We next consider the disputed accounting transactions in detail. As a preliminary matter, the trial court determined, and we agree, that both MSK's past practices and the provisions of the agreement required that MSK's investments in all subsidiaries and affiliated companies be carried at cost. Neither side disputes this finding.

We first consider the issue as to the CARCO reserve. MSK contends that the trial court erred in disallowing the bad debt reserve for amounts advanced to CARCO by MSK. In 1961, decedent directed that CARCO be incorporated as a wholly owned subsidiary of MSK. CARCO was created to purchase autos, at prices bid by MSK officers, from city pounds and to prepare them for conversion into scrap. The scrap was then sold to MSK's 50% owned Prolerized-Chicago Corporation at prices set by the buyer.

The operations of MSK and CARCO were closely integrated. All of CARCO's officers were also executive officers of MSK. CARCO's books and records were maintained by MSK's accountants. The latter also customarily prepared CARCO's operating statements.

MSK initially invested $100,000 in the capital stock of CARCO. This amount was reflected on MSK's books in an account titled "Investments — California Auto Reclamation Co." and on CARCO's books in its capital stock account. This original investment was evidently an undercapitalization since CARCO required substantially more capital to acquire the buildings, improvements, and equipment necessary for its operations. CARCO sustained losses in each year of its operation and MSK periodically advanced CARCO funds needed to pay expenses and to meet payrolls. As of October 31, 1969, these advances totaled $1,310,000. The advances over and above the initial capital investment were carried on MSK's books under the heading "California Auto Reclamation — Loan Account"; CARCO recorded them as an account payable. However, on MSK's balance sheets, the advances were not included in the accounts receivable, but were reflected in an asset account titled "Investments, Advances, Etc." In the valuation report for decedent's stock, the assets for the first time were included in an asset account covering "Investments, loans and advances." CARCO did not issue any capital stock, promissory notes or other documents to MSK with respect to the advances. No dividend or interest was paid by CARCO to MSK and none of the advances were ever repaid.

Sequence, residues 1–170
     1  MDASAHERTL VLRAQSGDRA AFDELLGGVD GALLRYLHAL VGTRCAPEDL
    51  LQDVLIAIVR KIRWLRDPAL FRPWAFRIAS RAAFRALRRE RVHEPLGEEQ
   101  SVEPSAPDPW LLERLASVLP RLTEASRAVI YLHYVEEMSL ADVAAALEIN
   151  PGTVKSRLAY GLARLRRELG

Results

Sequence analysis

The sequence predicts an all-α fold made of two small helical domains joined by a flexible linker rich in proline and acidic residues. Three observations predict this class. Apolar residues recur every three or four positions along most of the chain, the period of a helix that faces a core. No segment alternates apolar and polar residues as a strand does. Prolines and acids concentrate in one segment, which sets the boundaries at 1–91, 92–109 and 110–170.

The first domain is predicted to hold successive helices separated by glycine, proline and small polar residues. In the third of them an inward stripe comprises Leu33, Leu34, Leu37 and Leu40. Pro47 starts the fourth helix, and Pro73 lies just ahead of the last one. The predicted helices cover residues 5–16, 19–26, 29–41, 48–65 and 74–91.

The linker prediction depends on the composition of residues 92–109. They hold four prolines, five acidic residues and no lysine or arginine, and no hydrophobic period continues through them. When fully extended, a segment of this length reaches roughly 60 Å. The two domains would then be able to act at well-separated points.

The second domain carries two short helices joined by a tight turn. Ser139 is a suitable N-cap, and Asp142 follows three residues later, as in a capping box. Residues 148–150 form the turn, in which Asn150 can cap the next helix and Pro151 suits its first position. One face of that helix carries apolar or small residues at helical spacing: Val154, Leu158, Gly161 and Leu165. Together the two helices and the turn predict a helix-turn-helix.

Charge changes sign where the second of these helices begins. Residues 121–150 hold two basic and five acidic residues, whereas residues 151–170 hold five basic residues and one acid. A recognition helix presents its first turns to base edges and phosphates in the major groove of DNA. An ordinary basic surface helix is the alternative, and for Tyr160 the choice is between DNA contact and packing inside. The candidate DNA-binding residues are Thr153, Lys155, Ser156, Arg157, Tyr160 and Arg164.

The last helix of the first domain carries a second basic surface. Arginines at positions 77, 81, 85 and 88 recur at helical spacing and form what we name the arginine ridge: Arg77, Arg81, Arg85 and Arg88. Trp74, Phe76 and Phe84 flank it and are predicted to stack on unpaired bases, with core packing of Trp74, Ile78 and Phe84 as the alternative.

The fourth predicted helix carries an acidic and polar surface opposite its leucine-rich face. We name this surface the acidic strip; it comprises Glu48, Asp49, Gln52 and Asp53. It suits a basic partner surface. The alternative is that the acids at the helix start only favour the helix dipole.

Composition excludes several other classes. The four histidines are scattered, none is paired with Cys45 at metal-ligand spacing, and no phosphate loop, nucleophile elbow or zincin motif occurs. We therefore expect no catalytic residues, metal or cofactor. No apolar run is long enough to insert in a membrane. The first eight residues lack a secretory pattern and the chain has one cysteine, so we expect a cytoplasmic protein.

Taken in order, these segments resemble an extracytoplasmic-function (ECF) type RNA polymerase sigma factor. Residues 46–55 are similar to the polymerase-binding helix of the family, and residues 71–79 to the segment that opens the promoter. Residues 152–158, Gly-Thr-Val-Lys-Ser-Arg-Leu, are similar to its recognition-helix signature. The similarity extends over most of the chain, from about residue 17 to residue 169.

On June 8, 1970, a meeting was held at the law offices of counsel then representing petitioners. Present were petitioners' counsel, Laurence Kaplan, Bertha Kaplan, Newton, and two Continental trust officers. The group discussed whether the amounts advanced to CARCO by MSK should be written off as a bad debt. The nature of CARCO's operations created an oil seepage problem which was the subject of an official complaint. The estimates for repair ranged from $75,000 to $200,000. Despite CARCO's recurrent losses and the estimated cost of repairs, it was decided that MSK would cause CARCO to bid on an upcoming city contract. CARCO's bid was unsuccessful and it thereafter ceased operations on December 31, 1970.